8/12/16

A Note To "Newbies"




If you're new to fragrance and interested in exploring all that the fragrance world has to offer, I suggest you secure a steady confidence in yourself first, because there are dangers.

One danger, perhaps the least of them, is the issue of finances. This is in every form a pricy pursuit. There are certainly a few thousand "cheap" scents that can be had by the bottle for anywhere from $5 to $25, and running through them won't necessarily break the bank. But bear in mind that there are literally thousands of these "cheapies" out there, and if you're set on amassing a thorough collection of all of them, $5 a bottle suddenly takes on a different meaning.

Which brings me to the next danger: addiction. Yes, you're smiling. You're thinking I'm being an alarmist. Take it from someone who felt as you do; entertaining my interest in olfactory exploration seemed entirely innocent at the outset, but before long I found myself needing to own things I wasn't completely prepared to buy. I couldn't help myself. If I liked something, I wanted it, and eventually bought it. The feeling is not unlike that of "needing" a cigarette. You think you're in control by abstaining, but all the while you can't get it out of your head.

Another danger is what I call "collection confirmation bias." You have a fully formed opinion of a certain type of fragrance, and only partially formed opinions of others, and your collection is limited to your bias, and you automatically assume you smell terrific. Chances are only 50/50 that you're right. I see this all the time on Badger & Blade. That community is full of guys who collect cheaper "wetshaver" fragrances. Their bias is typically for things that are inexpensive and old-school. Many of these fellows wear this stuff exclusively, and they think they smell terrific. But do others agree? With such a limited range in their collections, it's likely they appeal to other people half of the time, and the other half they're actually annoying everyone around them. They've stopped on the one kind of fragrance they enjoy, and failed to diversify. A stopped clock is only right twice a day.

This brings me to the final and most relevant danger that you face. As a "newbie," you're hungry for information, for guidance, and you're impressionable. You scour the boards for tips, and take advice from others seriously. Most people are out to help you, but some have their heads up their asses. These are the people who imply that there are "wrong" fragrances and "right" fragrances, and that wearing and liking the "wrongs" makes you "inexperienced" and/or "naive."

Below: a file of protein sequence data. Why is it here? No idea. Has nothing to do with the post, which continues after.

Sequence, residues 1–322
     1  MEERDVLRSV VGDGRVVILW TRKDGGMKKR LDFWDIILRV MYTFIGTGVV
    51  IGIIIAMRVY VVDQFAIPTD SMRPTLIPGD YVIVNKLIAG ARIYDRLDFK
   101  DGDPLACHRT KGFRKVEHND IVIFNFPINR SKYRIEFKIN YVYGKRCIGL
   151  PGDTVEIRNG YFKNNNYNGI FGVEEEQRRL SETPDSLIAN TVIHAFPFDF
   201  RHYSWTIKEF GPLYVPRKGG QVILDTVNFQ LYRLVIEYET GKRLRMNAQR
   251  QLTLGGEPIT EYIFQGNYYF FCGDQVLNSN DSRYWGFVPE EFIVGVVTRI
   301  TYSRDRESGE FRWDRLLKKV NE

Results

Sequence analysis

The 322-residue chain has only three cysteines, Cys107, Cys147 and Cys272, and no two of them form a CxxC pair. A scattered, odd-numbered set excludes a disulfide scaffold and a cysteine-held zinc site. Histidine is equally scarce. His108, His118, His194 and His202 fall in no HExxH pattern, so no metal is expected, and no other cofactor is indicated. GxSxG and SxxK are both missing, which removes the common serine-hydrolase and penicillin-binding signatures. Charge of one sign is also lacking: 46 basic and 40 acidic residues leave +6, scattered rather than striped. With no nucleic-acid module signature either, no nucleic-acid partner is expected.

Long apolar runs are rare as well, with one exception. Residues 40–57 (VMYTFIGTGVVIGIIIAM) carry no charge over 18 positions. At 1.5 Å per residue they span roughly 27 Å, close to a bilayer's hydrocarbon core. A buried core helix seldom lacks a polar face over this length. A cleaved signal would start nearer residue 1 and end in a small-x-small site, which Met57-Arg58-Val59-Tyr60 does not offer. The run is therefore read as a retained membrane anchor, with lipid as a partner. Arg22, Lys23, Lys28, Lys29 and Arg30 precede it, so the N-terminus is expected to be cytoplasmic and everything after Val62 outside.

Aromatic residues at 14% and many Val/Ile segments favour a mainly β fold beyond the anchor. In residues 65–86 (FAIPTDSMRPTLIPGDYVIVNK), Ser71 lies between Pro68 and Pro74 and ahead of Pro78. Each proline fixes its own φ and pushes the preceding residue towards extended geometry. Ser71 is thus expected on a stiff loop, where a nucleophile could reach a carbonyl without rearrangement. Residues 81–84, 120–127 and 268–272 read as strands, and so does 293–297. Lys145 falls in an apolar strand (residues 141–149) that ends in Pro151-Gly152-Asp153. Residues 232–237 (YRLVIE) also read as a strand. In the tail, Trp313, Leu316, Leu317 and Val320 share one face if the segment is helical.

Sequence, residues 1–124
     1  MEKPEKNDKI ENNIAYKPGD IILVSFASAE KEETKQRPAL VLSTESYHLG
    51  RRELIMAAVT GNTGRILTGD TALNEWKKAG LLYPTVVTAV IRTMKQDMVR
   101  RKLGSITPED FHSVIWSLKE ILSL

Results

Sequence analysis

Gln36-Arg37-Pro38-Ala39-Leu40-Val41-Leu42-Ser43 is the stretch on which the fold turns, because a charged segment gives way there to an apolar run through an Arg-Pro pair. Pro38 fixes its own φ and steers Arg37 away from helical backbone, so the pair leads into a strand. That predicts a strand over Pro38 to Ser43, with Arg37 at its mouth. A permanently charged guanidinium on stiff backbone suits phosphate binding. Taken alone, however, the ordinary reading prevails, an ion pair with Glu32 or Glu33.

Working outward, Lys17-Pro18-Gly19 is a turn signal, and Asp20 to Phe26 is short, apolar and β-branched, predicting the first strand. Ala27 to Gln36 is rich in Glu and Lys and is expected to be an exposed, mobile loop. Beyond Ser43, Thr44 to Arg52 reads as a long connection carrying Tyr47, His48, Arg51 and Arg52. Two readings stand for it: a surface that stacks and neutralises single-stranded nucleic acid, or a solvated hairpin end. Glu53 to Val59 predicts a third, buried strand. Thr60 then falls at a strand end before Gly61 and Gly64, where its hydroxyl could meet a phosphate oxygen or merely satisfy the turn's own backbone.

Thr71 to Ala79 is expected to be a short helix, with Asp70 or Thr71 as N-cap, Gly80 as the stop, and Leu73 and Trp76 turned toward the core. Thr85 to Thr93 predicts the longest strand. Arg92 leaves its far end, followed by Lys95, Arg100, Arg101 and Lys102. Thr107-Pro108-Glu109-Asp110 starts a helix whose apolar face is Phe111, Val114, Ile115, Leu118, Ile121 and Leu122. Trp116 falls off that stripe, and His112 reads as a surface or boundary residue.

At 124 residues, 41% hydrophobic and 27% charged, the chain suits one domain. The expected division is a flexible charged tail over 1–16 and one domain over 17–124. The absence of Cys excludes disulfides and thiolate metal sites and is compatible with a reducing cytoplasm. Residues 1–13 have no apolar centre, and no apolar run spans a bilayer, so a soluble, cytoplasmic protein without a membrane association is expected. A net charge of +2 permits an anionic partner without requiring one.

In the fragrance exploration business, the "rights" and "wrongs" come in groups, not as individual scents. For example, liking and wearing Tuscany by Aramis is automatically "right." If you like it, you should wear it and enjoy it. But only pursuing aromatic fougeres, and strictly wearing those kinds of compositions is not the most open-minded and enlightening approach. You're better off branching out into other realms also, because who knows what else you'll discover and come to love? There are some excellent chypres and orientals out there as well.

Don't let anyone tell you that liking something specific is "wrong." Don't let people attach any meaning to your preference that strays beyond "you like it, and that's all that matters." If you like a specific designer frag, and many in the community do not share the sentiment, you're still "right," because what your nose appreciates is all that matters - your nose is the only one you have! There are no external social forces, no ideologies or beliefs that can outweigh your own feelings. There is no cost-to-value ratio that supersedes the priceless sense of pleasure gleaned from something you enjoy.

Why should anyone else dictate what you like? Why should you have to explain yourself? There are no reasons to entertain that audience, because there are no authorities in the community. Don't let anyone tell you that they know more about fragrance because they've smelled thousands of fragrances. A man with five thousand reviews under his belt has still only experienced 1% of what's out there. In 2016 there are as many perfumes in the world as there are stars in the sky. No man has experienced enough of them to claim the title of "expert."

Now go forth, and enjoy your new passion. A brave new world stretches yonder.


15 comments:

  1. Bravo Mr Ross!
    I enjoy fragrances in my collection from cheap thrills to the exorbitantly expensive.
    The cheapie Pink Sugar is my fave Fall fragrance because it reminds me of the Harvest fairs & Halloween with cotton candy, fresh figs, and all sorts of candy coated goodness.
    When I'm feeling sublimely elegant, somewhat regal, & in the mood for an Oriental excursion I break out my one of my Amouage attars. (Serious $$$$'s!!!)

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    1. Yes those attars are super pricy. Autumn for me is Halston Z14, Grey Flannel, and Mitsouko.

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    2. They still make Z14?
      I'm stuck in the late 80's 90's for Fall-
      In addition to PS - Laura Biagiatti's Roma, Lolita Lempicka, Ragheeb

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    3. Incredibly, they do still make it. To my nose it has changed little in the last 15 years at least.